The coral reefs of Maui, Moloka‘i, Läna‘i, and Kaho‘olawe compose the Maui Nui Reef, the largest, most complex, and richest coral reef ecosystem in the Main Hawaiian Islands. These reefs provide innumerable benefits to visitors and the people of the islands, including cultural (subsistence fishing and traditional practices), economic (storm protection, tourism, and commercial fishing), and recreational (diving and snorkeling) values. But coral reef health is declining globally, and the long-term survival of Maui Nui’s coral reefs is in serious jeopardy. Scientific evidence indicates reefs will suffer substantial and additional losses within two generations, forever altering the quality of life, culture, and economy for everyone unless actions are taken now to protect the most important areas.

Some nearshore fish stocks in Hawai‘i have declined by more than 90% over the past 100 years. These fisheries, and the reefs that protect them, are at risk from a multitude of problems, including terrestrial pollutants, ineffective storm water management, coastal development, and overfishing. Include global warming and ocean acidification on the list, and we are now facing certain loss of these magnificent reefs unless we act now to protect them. To counter these impacts, increase fish yields, and ensure the coral reefs of Maui Nui survive into the future, we need to establish a network of effectively managed marine areas immediately. 

Evidence from Hawai‘i and around the globe clearly shows that effectively managed reef ecosystems are more resilient to both human and natural disturbances than those that are poorly managed or not managed at all. Protecting just one quarter of a coral reef system through a network of managed areas, including marine protected areas, along with wise land management in adjacent watersheds and effective fisheries management in adjacent waters, will decrease stress on fishes, corals, and the entire reef community. By protecting and managing key coral reef segments, we will allow them to better withstand the chemical and heating threats that are occurring due to climate change, provide healthy source areas for fish and coral larvae, increase the resilience of Maui Nui coral reefs, and replenish our fisheries. The value to island residents of an effectively managed marine protected area network is priceless. Effective and adaptive management will mitigate land-based influences, increase sustainable fisheries, and help alleviate stress from climate change.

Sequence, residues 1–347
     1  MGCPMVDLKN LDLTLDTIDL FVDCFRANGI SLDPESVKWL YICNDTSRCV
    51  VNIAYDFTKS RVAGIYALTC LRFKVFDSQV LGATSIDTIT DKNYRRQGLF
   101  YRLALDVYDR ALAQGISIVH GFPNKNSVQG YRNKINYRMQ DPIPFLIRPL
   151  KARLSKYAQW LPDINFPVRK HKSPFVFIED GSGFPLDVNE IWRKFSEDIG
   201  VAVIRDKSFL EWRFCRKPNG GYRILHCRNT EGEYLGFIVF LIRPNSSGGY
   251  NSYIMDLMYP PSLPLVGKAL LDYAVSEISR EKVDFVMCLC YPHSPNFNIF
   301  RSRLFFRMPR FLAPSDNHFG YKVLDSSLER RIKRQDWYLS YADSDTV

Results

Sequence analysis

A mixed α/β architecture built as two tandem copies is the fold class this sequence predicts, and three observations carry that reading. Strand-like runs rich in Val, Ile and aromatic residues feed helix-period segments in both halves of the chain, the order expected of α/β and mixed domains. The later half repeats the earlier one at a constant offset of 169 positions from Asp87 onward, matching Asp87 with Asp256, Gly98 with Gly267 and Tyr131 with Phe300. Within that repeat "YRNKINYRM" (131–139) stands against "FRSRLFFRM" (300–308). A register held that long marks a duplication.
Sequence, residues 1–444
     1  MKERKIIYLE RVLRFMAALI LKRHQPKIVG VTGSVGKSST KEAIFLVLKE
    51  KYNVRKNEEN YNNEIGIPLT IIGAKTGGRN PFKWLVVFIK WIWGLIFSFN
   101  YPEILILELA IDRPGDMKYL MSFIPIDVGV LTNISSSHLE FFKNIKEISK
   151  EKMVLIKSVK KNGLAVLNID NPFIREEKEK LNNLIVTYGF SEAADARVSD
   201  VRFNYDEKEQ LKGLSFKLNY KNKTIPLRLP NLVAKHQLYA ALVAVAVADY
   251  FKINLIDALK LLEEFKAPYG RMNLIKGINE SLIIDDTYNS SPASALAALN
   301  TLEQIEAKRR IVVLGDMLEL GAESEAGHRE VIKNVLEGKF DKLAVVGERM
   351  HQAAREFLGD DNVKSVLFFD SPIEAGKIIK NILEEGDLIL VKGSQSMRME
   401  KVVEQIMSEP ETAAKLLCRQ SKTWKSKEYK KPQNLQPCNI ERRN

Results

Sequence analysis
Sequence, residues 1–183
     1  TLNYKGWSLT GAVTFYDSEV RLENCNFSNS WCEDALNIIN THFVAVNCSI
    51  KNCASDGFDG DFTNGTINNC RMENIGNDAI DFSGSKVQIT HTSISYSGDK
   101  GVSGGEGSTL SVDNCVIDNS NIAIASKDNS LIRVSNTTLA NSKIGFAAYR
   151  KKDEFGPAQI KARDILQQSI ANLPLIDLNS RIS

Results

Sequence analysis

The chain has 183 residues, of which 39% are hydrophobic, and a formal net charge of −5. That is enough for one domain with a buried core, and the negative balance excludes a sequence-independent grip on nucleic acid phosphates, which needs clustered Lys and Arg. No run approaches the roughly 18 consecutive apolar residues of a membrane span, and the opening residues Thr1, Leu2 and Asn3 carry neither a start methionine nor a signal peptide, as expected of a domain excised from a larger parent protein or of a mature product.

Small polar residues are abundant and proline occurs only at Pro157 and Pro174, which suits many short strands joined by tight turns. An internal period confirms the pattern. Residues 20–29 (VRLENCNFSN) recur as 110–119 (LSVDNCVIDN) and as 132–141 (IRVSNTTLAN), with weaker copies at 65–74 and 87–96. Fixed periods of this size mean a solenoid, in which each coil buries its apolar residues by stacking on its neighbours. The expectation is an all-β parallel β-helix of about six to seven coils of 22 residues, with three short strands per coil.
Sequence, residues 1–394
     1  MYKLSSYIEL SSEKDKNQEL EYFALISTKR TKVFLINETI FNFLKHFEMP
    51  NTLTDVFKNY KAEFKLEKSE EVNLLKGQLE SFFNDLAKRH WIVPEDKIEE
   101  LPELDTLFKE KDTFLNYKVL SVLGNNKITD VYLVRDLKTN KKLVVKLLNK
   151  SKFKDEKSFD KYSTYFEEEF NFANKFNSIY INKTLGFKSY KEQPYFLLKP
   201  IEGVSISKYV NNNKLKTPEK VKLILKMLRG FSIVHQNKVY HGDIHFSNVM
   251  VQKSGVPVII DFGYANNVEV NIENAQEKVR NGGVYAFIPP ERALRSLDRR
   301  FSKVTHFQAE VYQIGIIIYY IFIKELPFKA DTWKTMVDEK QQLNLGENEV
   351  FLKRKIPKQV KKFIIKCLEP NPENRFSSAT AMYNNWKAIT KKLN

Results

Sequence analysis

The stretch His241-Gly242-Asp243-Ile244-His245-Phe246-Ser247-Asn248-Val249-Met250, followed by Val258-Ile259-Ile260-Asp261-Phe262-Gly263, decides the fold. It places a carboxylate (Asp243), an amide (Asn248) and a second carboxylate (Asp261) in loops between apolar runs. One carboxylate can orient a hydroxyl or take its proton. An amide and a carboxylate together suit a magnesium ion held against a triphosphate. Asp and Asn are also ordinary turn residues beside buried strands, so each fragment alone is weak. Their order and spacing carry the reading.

We therefore call on Maui County and the State legislature to establish the “Resilient Maui Nui Reef,” in collaboration with the island residents of Maui County, by creating a network of coral reef protected areas, which provide the necessary space and time for fish and corals to grow, reproduce, and have a better chance of surviving. The people of Hawai‘i and the coral reefs are deeply intertwined on many levels, and it is not overstated to say that our future and our culture depend on this action.